anonymous
 one year ago
Best ResponseYou've already chosen the best response.0dw:1442586054554:dw

johnweldon1993
 one year ago
Best ResponseYou've already chosen the best response.1Where is that 36pi term coming from?

anonymous
 one year ago
Best ResponseYou've already chosen the best response.0dw:1442586190316:dw

anonymous
 one year ago
Best ResponseYou've already chosen the best response.036 pi is from the diameter

anonymous
 one year ago
Best ResponseYou've already chosen the best response.0which is the circumference of the whole circle

anonymous
 one year ago
Best ResponseYou've already chosen the best response.0i subtracted the circumference from the central angle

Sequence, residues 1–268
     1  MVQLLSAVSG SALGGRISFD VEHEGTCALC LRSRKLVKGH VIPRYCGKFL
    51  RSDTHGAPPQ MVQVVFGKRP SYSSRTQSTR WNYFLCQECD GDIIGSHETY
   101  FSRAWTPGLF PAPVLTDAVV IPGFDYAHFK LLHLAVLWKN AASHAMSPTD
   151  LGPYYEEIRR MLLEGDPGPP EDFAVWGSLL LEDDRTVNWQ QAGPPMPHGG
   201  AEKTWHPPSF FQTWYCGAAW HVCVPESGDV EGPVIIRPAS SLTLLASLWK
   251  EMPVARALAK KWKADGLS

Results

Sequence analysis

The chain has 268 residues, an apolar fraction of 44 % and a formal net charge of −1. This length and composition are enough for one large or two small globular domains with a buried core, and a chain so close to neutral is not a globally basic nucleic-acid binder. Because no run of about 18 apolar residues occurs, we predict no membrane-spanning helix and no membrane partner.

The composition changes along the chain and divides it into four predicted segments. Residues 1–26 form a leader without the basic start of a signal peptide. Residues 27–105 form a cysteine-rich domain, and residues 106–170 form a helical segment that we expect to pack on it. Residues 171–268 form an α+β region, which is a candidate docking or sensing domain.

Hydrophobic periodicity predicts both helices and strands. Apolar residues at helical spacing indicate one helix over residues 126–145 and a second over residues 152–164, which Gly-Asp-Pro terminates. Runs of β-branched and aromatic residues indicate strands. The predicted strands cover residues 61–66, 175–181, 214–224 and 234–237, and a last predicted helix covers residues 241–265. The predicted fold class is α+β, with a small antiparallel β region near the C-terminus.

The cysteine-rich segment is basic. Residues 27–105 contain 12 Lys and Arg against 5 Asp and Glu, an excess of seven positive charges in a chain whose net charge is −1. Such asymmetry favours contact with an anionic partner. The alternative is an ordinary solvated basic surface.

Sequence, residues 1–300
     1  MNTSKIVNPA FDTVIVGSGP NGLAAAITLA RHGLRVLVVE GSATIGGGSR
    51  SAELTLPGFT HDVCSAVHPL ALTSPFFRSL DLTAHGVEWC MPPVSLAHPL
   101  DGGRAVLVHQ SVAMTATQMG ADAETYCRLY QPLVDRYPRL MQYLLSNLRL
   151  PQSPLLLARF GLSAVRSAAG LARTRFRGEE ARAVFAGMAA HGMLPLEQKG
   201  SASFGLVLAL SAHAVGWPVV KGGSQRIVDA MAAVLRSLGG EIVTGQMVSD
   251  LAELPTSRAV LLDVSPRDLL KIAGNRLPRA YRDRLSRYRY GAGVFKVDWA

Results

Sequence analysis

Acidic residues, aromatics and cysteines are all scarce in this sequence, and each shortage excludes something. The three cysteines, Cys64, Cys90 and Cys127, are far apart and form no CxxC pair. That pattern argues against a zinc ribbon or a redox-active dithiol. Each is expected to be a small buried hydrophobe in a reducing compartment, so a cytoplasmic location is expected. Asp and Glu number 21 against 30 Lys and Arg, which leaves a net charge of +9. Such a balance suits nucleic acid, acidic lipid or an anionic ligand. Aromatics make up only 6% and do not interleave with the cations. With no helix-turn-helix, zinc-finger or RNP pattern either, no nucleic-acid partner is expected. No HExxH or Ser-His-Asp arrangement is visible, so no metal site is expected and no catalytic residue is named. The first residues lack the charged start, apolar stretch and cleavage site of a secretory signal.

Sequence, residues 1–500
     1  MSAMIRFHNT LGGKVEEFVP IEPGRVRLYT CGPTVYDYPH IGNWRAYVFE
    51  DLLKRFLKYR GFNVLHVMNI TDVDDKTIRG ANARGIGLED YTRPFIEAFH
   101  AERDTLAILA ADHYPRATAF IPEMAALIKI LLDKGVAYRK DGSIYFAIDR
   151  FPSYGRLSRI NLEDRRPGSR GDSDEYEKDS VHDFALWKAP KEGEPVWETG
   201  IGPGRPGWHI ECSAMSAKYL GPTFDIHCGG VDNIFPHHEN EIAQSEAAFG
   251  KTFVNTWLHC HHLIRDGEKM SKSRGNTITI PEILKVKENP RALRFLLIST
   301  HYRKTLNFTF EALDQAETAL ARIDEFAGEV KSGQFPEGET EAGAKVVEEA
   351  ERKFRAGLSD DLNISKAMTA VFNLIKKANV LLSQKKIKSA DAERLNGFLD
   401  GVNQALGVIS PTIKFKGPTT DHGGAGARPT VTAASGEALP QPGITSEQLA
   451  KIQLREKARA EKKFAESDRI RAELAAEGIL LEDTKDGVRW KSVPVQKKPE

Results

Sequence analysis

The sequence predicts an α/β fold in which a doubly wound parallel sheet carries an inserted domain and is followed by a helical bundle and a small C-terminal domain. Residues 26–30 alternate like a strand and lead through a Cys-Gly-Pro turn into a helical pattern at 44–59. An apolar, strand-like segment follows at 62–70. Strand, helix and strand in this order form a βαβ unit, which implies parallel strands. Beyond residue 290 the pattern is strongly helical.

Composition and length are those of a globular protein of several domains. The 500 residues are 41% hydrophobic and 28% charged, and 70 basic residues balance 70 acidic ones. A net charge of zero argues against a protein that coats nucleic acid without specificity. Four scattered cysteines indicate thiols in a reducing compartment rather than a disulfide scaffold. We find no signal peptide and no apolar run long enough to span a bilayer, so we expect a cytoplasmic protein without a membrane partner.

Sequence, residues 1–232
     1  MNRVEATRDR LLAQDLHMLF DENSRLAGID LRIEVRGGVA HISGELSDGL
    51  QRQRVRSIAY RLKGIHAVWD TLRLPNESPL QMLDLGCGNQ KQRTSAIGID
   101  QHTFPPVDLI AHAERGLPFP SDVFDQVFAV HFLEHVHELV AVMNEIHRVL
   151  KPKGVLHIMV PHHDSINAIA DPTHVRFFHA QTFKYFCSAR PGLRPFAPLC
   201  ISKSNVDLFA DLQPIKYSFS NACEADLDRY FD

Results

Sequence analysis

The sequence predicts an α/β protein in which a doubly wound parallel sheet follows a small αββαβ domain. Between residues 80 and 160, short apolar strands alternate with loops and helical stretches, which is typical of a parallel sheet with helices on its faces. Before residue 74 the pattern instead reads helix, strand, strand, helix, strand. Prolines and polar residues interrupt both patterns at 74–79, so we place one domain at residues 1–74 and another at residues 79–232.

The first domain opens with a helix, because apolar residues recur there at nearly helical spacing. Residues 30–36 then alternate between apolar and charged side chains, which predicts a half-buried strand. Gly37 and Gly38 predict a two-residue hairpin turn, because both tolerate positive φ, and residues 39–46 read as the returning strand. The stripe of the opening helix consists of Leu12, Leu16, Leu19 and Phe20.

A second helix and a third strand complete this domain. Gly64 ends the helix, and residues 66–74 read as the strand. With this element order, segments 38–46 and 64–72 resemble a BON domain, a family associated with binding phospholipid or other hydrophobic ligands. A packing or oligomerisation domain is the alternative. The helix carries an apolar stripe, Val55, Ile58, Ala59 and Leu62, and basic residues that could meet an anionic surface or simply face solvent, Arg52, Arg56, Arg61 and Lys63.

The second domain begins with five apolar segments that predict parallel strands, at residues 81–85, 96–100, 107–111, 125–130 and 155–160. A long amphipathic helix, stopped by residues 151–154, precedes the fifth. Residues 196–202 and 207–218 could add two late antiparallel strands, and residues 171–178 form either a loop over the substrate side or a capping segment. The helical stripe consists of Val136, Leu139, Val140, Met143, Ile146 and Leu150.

anonymous
 one year ago
Best ResponseYou've already chosen the best response.0Is arc ABC the same as arc AC

johnweldon1993
 one year ago
Best ResponseYou've already chosen the best response.1Well now the only thing is The want the length of arc ABC dw:1442586432497:dw

anonymous
 one year ago
Best ResponseYou've already chosen the best response.0dw:1442586538130:dw

johnweldon1993
 one year ago
Best ResponseYou've already chosen the best response.1So we found that length already...the 8pi By subtracting the 8pi from the whole circumference...we are actually getting dw:1442586574680:dw

anonymous
 one year ago
Best ResponseYou've already chosen the best response.0Yea i think that's what they wanted

anonymous
 one year ago
Best ResponseYou've already chosen the best response.0Is there a reason we have to find the central angle to find the arc length? Couldnt we have found it using the inscribed angle?